What is the difference between an after update and a before update in PostgreSQL? I couldn't understand the difference between after update and before update because it looks like the function was always executed before update.

So I made the following example:

I made a function that updates a table when the status is typing but with a delay of 10 seconds.

  RETURNS trigger AS
    if new.status = 'Typing' then
        update image set status = 'ToTyping', path = 'Real path' from pg_sleep(5) where id = old.id;
    end if;
    return null;
  COST 100;
ALTER FUNCTION fai_prueba()
  OWNER TO postgres;

then I have the following trigger

create trigger tai 
after update on image 
for each row execute procedure fai_prueba();

but when I run an UPDATE the query does not end until the delay ends

UPDATE image 
    SET  path='fake path'
       , status= 'Typing' 
WHERE id=5;

>Query returned successfully: 0 rows affected, 10042 ms execution time.

So is it possible that the update query ends before the trigger?

  • No, the query cannot "end" and the trigger be delayed. The actions of both have to be committed (or rejected) together. Oct 27, 2016 at 19:50
  • 2
    quote from the manual: "The trigger can be specified to fire before the operation is attempted on a row (before constraints are checked and the INSERT, UPDATE, or DELETE is attempted); or after the operation has completed (after constraints are checked and the INSERT, UPDATE, or DELETE has completed);"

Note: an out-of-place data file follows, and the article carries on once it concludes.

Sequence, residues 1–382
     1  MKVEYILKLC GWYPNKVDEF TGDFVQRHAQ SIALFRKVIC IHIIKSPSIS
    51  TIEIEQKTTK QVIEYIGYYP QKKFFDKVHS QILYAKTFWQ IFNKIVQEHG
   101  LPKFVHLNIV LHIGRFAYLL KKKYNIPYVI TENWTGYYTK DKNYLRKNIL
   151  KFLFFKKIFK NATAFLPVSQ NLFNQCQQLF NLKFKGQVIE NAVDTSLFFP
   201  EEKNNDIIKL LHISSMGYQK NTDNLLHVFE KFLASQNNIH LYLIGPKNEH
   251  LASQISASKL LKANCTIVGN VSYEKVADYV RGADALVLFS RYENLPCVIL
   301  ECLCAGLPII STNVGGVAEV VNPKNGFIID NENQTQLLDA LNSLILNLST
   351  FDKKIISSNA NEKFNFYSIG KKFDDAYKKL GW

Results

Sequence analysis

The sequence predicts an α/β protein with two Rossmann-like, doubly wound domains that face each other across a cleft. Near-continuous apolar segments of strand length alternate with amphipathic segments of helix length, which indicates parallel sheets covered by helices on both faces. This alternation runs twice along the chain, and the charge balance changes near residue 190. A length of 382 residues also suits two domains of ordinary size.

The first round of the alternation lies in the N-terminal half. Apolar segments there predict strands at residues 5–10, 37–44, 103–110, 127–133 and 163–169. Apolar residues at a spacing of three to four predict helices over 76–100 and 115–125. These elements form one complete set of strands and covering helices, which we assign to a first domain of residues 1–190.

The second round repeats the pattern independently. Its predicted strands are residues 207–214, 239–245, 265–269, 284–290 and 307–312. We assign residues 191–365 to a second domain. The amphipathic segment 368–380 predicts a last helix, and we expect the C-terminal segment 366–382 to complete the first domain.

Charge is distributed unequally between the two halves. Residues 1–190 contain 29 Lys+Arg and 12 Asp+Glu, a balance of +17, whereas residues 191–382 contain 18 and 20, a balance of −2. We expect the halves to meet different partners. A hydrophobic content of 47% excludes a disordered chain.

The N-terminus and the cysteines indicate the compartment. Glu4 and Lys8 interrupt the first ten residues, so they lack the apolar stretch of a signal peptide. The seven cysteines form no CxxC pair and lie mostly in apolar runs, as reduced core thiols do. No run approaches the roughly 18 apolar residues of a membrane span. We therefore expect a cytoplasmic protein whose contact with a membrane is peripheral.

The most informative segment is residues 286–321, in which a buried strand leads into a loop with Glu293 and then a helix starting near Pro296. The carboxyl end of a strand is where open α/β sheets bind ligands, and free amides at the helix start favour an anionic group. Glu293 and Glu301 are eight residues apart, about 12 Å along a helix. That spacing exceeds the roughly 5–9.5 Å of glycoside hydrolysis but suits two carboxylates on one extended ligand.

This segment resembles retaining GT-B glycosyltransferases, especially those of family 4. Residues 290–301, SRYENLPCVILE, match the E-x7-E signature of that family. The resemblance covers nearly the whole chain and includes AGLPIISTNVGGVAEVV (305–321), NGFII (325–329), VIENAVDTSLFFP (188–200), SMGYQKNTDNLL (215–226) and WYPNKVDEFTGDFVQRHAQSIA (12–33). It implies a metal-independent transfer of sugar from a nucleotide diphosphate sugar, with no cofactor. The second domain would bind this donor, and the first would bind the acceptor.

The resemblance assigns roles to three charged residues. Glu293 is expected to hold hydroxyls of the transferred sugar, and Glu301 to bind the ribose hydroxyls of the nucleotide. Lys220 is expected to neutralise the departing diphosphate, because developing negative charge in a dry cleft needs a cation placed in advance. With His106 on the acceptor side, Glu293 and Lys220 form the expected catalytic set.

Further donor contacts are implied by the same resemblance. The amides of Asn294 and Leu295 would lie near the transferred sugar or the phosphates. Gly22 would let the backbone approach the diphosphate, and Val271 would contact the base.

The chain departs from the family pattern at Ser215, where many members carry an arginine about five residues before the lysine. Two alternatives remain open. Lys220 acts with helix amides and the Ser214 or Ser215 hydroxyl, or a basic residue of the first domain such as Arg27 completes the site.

– user1822
    Oct 27, 2016 at 20:07
  • 2
    If you want to change values of the row that is being processed, you should use a before trigger and assign the values direcly, e.g. new.status := 'ToTyping'; instead of using an (expensive) UPDATE statement in an after trigger.
    – user1822
    Oct 27, 2016 at 20:08

1 Answer 1


There is one primary difference in a trigger that is AFTER from one that is BEFORE .. but both get executed regardless.

In a BEFORE trigger, the trigger is executed BEFORE the DML statement is executed.. So you have a chance to modify the :NEW (old :OLD in case of DELETE) row BEFORE it is inserted/updated/deleted... But anything you want to do you can do (like check data in a separate table and issue an update/insert/whatever in that table, etc). If, for some reason, the trigger causes an EXCEPTION, then execution ceases and the DML statement is never executed.

In an AFTER trigger, the trigger is executed AFTER the DML statement is executed. You have already lost any ability to modify the :NEW and :OLD records and have it actually mean anything. However, you can still do whatever you want in the trigger. If the trigger causes an exception, for PostgreSQL, this will cause a rollback of the original DML. I do not believe this is true for all RDBMSs - but am having a hard time finding an example right now.

A common use of a BEFORE trigger is to set a timestamp column to "now" before the data has been inserted.

A common use of an AFTER trigger is to populate an audit/history table with the changes.

In either case, you would usually want to issue a ROLLBACK if you find an exception has been raised.

  • 1
    How about performance? Would UPDATE queries (or locks for SELECT) be faster for AFTER triggers?
    – Marius
    Nov 9, 2022 at 12:59

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